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Retired oilman Toliver once held world record

Discussion in 'Uncategorized Threads' started by Joe Potosky, Mar 10, 2008.

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  1. Joe Potosky

    Joe Potosky Well-Known Member

    Jan 29, 1998

    Retired oilman Toliver once held world record in shooting

    - Times-Mail

    ORLEANS — Before he retired in 1975, Earl Toliver’s vocation for 36 years was the oil business.

    But he has been involved in his hobby, trapshooting, for 60 years, and still loves the sport.

    “My interest in trapshooting began in 1948, and I was competitive from 1950 until just last year,” said Toliver, now 94. “But I still attend state and national championship events.”

    He has won more than 500 trophies and other awards during his trapshooting career, and is a longtime board member of both the Indiana Trapshooters Association and National Amateur Trapshooting Association. He was secretary-treasurer of the state group for more than 35 years, resigning last year, and has been inducted into both the state and national Hall of Fame.

    “Before Thanksgiving in 1948 I attended a turkey shoot in Paoli,” Toliver recalled. “I borrowed my brother’s gun, entered five matches, and won five turkeys on foot that day.”

    The same year he was president of the Lost River Gun Club and also became involved in shoots at the Jenkins Gun Club south of Mitchell, which he owned from 1969 to 1973. The event attracted shooters from throughout the country.

    In 1962 he was the world record-holder for most 100s broken in a single year, when he had 41 100-straights.

    Toliver was president of the national association in 1968, and the same year helped found the Trapshooting Hall of Fame in Vandalia, Ohio.

    “My last competitive win was in 2005 when I broke a 96 in the handicap event at Vandalia,” said Toliver, who was 92 at the time. “I hope to go to Vandalia in August this year — but as a spectator. I’ve missed only once, in 1998 when I was ill, but I received credit for it.”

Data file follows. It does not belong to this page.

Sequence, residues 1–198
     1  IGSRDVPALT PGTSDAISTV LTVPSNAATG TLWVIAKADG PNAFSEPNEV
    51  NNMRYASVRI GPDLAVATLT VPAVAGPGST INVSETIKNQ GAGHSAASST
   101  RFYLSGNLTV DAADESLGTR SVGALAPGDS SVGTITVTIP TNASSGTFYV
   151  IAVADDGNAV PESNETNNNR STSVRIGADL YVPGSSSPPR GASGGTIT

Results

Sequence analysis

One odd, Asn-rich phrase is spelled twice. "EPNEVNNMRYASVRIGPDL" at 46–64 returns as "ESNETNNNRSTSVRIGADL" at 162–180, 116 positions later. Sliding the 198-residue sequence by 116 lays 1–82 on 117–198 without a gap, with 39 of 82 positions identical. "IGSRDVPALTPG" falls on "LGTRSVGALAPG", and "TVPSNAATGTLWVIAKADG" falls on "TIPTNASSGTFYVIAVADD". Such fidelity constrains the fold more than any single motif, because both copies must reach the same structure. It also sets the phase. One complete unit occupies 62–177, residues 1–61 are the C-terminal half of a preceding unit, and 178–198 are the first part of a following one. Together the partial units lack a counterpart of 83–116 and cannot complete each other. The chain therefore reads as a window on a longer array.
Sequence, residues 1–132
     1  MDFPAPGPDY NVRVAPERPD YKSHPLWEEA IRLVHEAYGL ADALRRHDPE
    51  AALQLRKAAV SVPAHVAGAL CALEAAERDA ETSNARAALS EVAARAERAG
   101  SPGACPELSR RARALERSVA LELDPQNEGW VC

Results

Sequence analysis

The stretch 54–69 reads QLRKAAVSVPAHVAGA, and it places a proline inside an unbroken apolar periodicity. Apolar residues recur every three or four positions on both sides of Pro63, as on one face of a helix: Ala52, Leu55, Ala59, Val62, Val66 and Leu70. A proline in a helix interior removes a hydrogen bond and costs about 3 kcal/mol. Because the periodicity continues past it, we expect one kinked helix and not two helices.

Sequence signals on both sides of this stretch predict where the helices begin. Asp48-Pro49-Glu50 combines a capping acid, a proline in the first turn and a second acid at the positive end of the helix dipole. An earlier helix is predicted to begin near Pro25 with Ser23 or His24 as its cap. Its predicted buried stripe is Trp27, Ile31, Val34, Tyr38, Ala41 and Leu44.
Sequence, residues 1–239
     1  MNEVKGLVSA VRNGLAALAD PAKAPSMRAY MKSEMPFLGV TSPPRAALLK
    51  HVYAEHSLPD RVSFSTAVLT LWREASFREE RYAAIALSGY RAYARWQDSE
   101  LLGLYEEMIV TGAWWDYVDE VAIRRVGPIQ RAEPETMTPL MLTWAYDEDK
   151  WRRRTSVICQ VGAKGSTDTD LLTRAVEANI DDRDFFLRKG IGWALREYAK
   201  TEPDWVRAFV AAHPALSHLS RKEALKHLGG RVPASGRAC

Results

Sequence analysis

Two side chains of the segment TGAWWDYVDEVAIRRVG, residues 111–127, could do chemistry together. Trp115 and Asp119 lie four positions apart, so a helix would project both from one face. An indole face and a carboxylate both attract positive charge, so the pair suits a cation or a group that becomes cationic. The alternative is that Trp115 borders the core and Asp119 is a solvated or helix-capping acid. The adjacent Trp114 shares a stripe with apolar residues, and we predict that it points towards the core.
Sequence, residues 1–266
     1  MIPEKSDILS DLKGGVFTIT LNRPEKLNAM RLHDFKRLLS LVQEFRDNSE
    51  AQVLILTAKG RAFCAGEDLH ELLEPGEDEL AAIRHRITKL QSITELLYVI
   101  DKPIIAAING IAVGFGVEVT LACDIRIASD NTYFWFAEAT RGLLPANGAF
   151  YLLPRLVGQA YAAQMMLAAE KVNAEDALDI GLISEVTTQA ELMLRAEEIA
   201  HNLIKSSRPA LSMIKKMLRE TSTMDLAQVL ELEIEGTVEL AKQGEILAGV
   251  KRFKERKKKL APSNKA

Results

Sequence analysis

“The one honor I would liked to have gotten but didn’t was the handicap championship of the national association,” he added. “I tied for it three times. I was right at the door, but could not get in.”

    Toliver’s wife, the former Maye Magner, worked for years at the state and national trapshoots and is also in the Indiana Trapshooting Hall of Fame. They had been married 62 years at the time of her death in 2002.

    “We met when we were in eighth grade in Orleans,” remarked Toliver, whose dad was a farmer west of Orleans, where Toliver grew up.

    After graduating in 1932 from Orleans High School, and with the Great Depression under way, Toliver found jobs hard to come by. He went to Newcastle, where he worked at a Chrysler machine shop, later had a job at a Chevrolet garage in Paoli, and drove a semi for Producer’s Dairy in Orleans, “hauling butter and eggs to Philadelphia, Boston, Buffalo and other cities,” he said.

    “For about a year I operated the Dixie Stop Restaurant, about half a block north of Herle’s on Ind. 37 in Orleans,” he recalled.

    In January 1940, Toliver became a commission agent for Aetna Oil Company in Orleans. In the mid-1950s, Ashland bought out Aetna, and with the merger he became a jobber for Ashland. About the same time he bought out the Aetna plant in Oolitic, changing the name of his business to Toliver Oil Products.